The thing with Yoshi is that he hears everything, even when you think that he is not listening. It gets more interesting because he doesn’t forget anything. You would think that after ten years I would be more aware of these things. By now I should have learned to watch what I say, even if he seems engrossed in something.
It’s easy to forget this special talent of his. He just doesn’t seem to be paying attention so we end up having conversations that he can overhear—that he probably shouldn’t.
Sometimes it makes us laugh because he will interject his two cents into the conversation, which is almost always entertaining. Sometimes it gets annoying because he starts to ask a bunch of questions about things that he doesn’t need to understand. Sometimes it is cringe-worthy because he learned something that he shouldn’t have.
And yet, it still seems to take me by surprise every time. I smack my head because I forgot, again, that he doesn’t need to be paying attention to take it all in.
His junior kindergarten teacher was the first one to say something about it at a parent teacher conference. When he was that age, he still needed to be standing in a corner (facing the wall) most of the time. Ms. Dee said, with a mix of surprise and awe, that it doesn’t seem like he is listening, but he is taking it all in. He would answer the questions when they reviewed the material (in a quiet voice—usually—still with his nose in the corner.) I walked away from that conference, not surprised, wondering if it bothered her.
To this day, his teachers comment on it. Every time that I had a chance to chat with his social studies teacher this past year she brought it up. “He doesn’t seem to be listening, but he knows all the answers.”
That’s my boy.
Twice this weekend he reminded us that we should not assume he isn’t paying attention. We were away at a swim meet for Big Brother, staying in a hotel. That mixed up our usual routine a little.
At breakfast one morning the hotel had the TV on and tuned to the news. My husband made a comment about the percentage of Americans that want to disband ICE. You should know that my family are the kind of people that read How to Lie with Statistics and we love to discuss this sort of stuff: whether or not it was an accurate representation. It, of course, was a slightly political conversation because we were discussing the current political climate of the nation.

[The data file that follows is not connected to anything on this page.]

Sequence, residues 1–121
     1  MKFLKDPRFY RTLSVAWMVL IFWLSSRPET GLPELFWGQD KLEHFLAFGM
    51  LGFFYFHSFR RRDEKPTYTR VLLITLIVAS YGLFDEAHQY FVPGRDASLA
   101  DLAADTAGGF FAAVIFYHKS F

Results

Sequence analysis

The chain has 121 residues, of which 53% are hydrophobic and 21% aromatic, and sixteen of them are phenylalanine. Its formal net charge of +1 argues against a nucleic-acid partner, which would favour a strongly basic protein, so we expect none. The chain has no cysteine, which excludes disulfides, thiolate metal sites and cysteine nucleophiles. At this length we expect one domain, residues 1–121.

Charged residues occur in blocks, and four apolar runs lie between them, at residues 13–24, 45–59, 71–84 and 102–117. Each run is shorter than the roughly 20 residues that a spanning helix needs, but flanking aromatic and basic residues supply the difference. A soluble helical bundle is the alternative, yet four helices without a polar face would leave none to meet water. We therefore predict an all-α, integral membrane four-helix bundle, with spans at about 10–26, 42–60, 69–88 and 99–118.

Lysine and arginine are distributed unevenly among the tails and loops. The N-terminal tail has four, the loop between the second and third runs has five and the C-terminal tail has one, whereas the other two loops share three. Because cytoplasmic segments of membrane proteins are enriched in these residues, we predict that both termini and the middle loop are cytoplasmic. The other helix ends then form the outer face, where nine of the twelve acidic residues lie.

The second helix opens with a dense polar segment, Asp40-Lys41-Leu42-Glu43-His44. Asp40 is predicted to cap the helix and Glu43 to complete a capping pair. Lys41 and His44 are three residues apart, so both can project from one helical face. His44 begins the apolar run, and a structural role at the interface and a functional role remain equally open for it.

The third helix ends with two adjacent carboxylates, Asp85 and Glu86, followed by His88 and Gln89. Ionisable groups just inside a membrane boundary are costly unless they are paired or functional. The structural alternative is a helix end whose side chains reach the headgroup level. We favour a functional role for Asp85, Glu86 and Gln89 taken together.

Yoshi piped up, “I like my drinks cold.”
We were quiet for a beat as we tried to figure out why he randomly shared that bit of information. My husband was the first to understand, “That’s not the kind of ice we’re talking about, buddy.” This is why I was explaining a government agency and its responsibilities to my son over breakfast.
On the way home we decided to listen to Garth Brooks in the car. The kind of music that everyone can sing along to because everyone knows all the words. Both of the boys had never even heard of Garth Brooks. I looked at my husband and said, “What have we done as parents that our kids have never heard of Garth Brooks?”
Yoshi, who seemed to be intent on playing his video games in the back seat, said, “Failed, maybe?”
You know what? I didn’t ask you. But thanks for that. If our life was a sitcom, Yoshi would be the comic relief. And I love him that much more for it.
Please like and share this post! If you would like to get future posts delivered straight to your inbox, please subscribe here!